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No federal charges for officers involved in McDole shooting

Delaware Public Media

The Wilmington police officers involved in the shooting death of Jeremy McDole will not face any federal charges.

The U.S. Dept of Justice says there is insufficient evidence to pursue federal criminal civil rights charges against the four officers who shot and killed the wheelchair bound McDole in September 2015.

In a release Friday, the Justice Department says it determined the evidence does not indicate that the officers willfully used excessive force in shooting 28 year old McDole. Federal authorities must show that an officer acted with the deliberate and specific intent to do something the law forbids to file civil rights charges.

The DOJ release says cell phone video of the shooting enhanced by the FBI, witness accounts and physical evidence corroborate the officers version of events and claims they claims that they shot McDole in self-defense and in defense of nearby civilians and fellow officers.

DOJ officials say the FBI enhanced cell phone video shows McDole waving his hands and reaching for his waistband as officers yell for him show his hands and drop his gun.  It does not show McDole as the first shotgun blast is fired or as subsequent shots are fired, but DOJ says other law enforcement officers and civilian witness corroborate the officers’ claim that McDole failed to respond to law enforcement commands and continued moving his hands around his waistband when the shots were fired.

DOJ also notes the investigation found McDole’s DNA was located on the grip of the handgun recovered from his waistband and that there was gunshot residue was on McDole’s right palm and shirt sleeve.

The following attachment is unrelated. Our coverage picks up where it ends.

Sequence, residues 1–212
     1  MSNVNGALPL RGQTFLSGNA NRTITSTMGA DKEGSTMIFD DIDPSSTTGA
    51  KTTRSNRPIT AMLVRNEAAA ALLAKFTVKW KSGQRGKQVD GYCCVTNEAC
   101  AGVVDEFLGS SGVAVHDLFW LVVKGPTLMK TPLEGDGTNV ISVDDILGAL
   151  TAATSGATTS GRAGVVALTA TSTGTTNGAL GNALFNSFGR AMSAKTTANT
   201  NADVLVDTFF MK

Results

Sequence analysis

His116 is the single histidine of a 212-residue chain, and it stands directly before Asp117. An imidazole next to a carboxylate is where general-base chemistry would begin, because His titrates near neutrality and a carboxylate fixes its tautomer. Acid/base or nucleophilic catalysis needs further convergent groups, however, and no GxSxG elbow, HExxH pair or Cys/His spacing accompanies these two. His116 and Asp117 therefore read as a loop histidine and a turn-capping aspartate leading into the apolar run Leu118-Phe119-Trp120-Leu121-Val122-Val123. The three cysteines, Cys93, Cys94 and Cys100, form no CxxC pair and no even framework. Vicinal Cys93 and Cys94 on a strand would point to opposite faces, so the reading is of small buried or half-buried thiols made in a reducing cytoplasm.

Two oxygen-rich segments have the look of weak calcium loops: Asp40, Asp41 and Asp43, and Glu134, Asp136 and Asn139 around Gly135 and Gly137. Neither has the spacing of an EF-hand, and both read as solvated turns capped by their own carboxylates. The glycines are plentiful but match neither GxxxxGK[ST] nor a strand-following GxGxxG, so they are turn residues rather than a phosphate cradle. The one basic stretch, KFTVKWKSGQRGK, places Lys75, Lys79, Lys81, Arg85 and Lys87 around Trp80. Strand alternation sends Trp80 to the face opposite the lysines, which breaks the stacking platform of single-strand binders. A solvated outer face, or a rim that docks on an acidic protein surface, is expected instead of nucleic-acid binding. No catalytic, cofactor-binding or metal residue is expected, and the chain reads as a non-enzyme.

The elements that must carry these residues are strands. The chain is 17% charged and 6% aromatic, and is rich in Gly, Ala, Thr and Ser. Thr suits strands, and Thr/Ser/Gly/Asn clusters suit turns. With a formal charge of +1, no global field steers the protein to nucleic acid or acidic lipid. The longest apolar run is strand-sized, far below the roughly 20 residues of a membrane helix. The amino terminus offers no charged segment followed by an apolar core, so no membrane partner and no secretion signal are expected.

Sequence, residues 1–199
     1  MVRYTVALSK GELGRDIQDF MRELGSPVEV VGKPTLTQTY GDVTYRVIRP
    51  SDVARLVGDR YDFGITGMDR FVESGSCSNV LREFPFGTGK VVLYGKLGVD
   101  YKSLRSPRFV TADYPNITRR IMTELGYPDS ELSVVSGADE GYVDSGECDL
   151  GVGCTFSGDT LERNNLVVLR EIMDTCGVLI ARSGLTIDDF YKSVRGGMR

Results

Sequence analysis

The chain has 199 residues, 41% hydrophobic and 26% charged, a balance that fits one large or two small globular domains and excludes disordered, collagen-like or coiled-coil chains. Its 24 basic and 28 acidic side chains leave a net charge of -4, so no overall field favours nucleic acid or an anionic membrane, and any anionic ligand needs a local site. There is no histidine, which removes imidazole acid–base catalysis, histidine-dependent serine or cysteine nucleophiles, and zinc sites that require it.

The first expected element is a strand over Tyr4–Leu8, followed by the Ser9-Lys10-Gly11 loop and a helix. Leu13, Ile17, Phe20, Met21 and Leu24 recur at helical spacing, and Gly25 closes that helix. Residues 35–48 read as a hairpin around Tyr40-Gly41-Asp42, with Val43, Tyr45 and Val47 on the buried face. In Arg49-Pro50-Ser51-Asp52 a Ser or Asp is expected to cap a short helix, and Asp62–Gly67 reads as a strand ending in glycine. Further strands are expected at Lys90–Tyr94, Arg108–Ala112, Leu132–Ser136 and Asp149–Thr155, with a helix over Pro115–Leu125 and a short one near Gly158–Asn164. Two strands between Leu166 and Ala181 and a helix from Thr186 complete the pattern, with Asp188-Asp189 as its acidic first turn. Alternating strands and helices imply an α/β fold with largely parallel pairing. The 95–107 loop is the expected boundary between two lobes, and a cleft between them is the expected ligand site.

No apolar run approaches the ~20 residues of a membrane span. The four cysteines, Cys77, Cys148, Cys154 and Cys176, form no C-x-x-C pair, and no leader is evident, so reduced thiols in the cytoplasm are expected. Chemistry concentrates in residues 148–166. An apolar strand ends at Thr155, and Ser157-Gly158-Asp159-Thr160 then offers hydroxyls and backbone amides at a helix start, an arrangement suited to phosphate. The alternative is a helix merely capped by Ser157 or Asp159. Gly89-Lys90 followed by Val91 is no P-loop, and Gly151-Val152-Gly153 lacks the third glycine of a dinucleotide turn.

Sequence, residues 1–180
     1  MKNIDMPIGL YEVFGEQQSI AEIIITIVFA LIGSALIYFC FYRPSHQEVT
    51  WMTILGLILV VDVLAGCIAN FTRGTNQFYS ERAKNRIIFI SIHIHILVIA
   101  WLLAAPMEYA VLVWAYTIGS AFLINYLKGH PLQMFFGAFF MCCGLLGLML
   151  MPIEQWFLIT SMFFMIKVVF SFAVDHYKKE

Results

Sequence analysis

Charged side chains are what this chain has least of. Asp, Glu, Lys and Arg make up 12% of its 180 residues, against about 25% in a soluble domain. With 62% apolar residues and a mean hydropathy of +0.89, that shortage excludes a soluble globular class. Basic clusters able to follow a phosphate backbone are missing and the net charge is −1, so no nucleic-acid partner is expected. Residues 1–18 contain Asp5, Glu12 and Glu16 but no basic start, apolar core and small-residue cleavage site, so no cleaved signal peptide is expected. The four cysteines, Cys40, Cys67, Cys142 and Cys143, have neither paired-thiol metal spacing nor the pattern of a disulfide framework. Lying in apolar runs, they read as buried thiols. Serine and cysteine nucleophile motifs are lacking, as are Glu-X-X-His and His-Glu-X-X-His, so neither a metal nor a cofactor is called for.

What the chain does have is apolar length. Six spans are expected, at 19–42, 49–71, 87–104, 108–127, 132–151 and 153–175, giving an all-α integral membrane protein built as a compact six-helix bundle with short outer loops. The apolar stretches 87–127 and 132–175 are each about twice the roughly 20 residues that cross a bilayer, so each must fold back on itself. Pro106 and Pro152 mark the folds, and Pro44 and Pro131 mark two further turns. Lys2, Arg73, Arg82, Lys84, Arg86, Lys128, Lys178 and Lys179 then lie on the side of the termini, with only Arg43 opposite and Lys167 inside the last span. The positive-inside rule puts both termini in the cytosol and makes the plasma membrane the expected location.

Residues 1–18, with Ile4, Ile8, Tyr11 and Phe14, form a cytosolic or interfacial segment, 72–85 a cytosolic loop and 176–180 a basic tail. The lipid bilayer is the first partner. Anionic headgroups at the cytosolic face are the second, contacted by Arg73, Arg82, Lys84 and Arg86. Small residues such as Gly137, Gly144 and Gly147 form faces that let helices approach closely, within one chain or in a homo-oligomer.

The Justice Department says officials from the Delaware U.S. Attorney’s Office of the Justice Department’s Civil Rights Division and the FBI met with representatives of the McDole family Friday to inform them of the decision.

McDole’s family settled its lawsuit against the officer and the City of Wilmington last month, agreeing to dismiss all claims in the case in exchange for $1.5 million and a commitment from the city to meet with them and consider their suggestions as the police department reviews its use of force policy and training of officers in de-escalation procedures.

A hearing to get the court’s approval of that settlement is scheduled for Tuesday.

Last year, Delaware’s Department of Justice also decided against filing charges in the case, but singled out one officer - Cpl. Joseph Dellose  - for “extraordinarily poor police work.”  It also found “serious deficiencies” with how Wilmington Police prepares its officers for situations like the one involving McDole.

Tom Byrne has been a fixture covering news in Delaware for three decades. He joined Delaware Public Media in 2010 as our first news director and has guided the news team ever since. When he's not covering the news, he can be found reading history or pursuing his love of all things athletic.
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